Why do honeybees dance?
Image: Courtesy, Ken Hoare
Editor, South Shropshire Beekeeper
Keywords: Apis mellifera, communication, evolution, foraging, idiothetic movement, Meliponini.
JULIAN DAVID O'DEABiotechnology and R&D Policy Branch, Agriculture, Fisheries and Forestry Australia, GPO Box 858, Canberra ACT 2601, Australia, Julian.ODea@affa.gov.au
Received January 30, 2000, published February 7, 2000
When a honeybee (Apis mellifera L.) returns to the hive after a successful foraging trip, she often performs a "dance," a set of movements that reflects in miniature the details of her trip. The duration and orientation of the movements in the dance depend on the distance from, and the direction of, the bee's latest foraging site relative to the hive.
Professor von Frisch won a Nobel Prize for his studies on this behavior, and in particular for work leading him to conclude that the honeybee's dance communicates information about the location of a food source to hivemates, thereby enabling them to find and exploit the same resource (1). However, there has been persistent debate about this interpretation (2–11) and today it is generally believed that honeybees are guided to suitable foraging sites by odor cues, including those picked up from successful foragers, rather than by locational information contained in the dances of other foragers. If this is correct, the function of the dance, which embodies information without communicating it to other bees, remains unclear.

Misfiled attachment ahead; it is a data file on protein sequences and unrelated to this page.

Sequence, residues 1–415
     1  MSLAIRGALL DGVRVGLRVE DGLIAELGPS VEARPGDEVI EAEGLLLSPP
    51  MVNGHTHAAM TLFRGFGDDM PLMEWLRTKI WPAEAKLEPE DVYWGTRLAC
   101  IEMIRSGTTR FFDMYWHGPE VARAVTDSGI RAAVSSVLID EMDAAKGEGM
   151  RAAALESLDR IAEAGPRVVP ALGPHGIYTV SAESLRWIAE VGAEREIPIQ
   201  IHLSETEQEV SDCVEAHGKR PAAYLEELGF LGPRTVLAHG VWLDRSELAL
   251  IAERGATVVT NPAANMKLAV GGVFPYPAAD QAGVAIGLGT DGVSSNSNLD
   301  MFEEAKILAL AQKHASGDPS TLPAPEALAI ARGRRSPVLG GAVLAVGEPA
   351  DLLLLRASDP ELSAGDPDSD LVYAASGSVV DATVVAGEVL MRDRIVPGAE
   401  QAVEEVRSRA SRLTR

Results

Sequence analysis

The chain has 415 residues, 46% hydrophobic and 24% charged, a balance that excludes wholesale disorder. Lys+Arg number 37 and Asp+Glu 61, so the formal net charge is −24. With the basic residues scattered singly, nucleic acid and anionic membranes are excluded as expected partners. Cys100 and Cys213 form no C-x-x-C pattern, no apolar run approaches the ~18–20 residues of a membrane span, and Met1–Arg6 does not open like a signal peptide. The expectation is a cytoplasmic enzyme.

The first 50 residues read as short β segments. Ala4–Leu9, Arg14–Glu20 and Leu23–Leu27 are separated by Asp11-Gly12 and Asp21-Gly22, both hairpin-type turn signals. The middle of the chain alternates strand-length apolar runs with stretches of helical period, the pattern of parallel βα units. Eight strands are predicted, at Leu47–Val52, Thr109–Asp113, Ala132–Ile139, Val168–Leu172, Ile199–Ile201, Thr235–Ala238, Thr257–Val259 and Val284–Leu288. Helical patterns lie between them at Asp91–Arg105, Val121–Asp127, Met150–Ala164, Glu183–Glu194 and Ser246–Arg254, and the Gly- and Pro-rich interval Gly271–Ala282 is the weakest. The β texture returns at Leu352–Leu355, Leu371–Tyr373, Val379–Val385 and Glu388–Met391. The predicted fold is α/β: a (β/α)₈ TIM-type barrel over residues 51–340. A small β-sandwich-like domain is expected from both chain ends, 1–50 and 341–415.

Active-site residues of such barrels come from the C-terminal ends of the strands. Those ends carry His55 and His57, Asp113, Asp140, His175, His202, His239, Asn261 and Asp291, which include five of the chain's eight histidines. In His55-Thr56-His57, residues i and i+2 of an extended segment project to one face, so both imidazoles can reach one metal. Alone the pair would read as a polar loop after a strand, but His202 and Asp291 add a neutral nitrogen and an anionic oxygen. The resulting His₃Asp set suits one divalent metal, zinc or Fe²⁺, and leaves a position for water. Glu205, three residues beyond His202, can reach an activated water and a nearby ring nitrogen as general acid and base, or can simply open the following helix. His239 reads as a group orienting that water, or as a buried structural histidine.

An explanation is suggested by consideration of the behavior of other species that perform so-called idiothetic movements: movements that reflect in miniature previous large-scale movements (12). For example, the io moth (Automeris io Fabricius) performs movements after flight that contain information about the flight's length (13). Some social stingless bees (Meliponini) also "dance" after foraging. These dances, like those of the honeybee, embody information about the bee's most recent flight, but this information is not used by the other stingless bees. However, the dances do "excite recruits to go out and search" (14). Likewise, africanized honeybees are known to perform dances that contain information about the location of food sources, but the dances do not recruit other bees, because foraging in this subspecies is an individual activity (15). Evidently, therefore, bees and other insects may perform information-laden movements that are not communicative.
Thus, to explain how the function of the honeybee's dance has evolved, I postulate, first, that idiothetic movements evolved in primitive bees, and served to reinforce the memory of locations recently visited. Then, as bees evolved group foraging, they came to rely on odors picked up from successful foragers as a guide to the location of resources. Finally, idiothetic behavior took on the new function of attracting the attention of foragers, making them aware of the odors picked up by successful hivemates. Thus, although the dance of the honeybee contains locational information about food sources, it is not necessary to assume that bee dances convey this information to other bees. However, the dance may communicate the success of a forager's most recent flight and draw attention to the odors associated with the food source.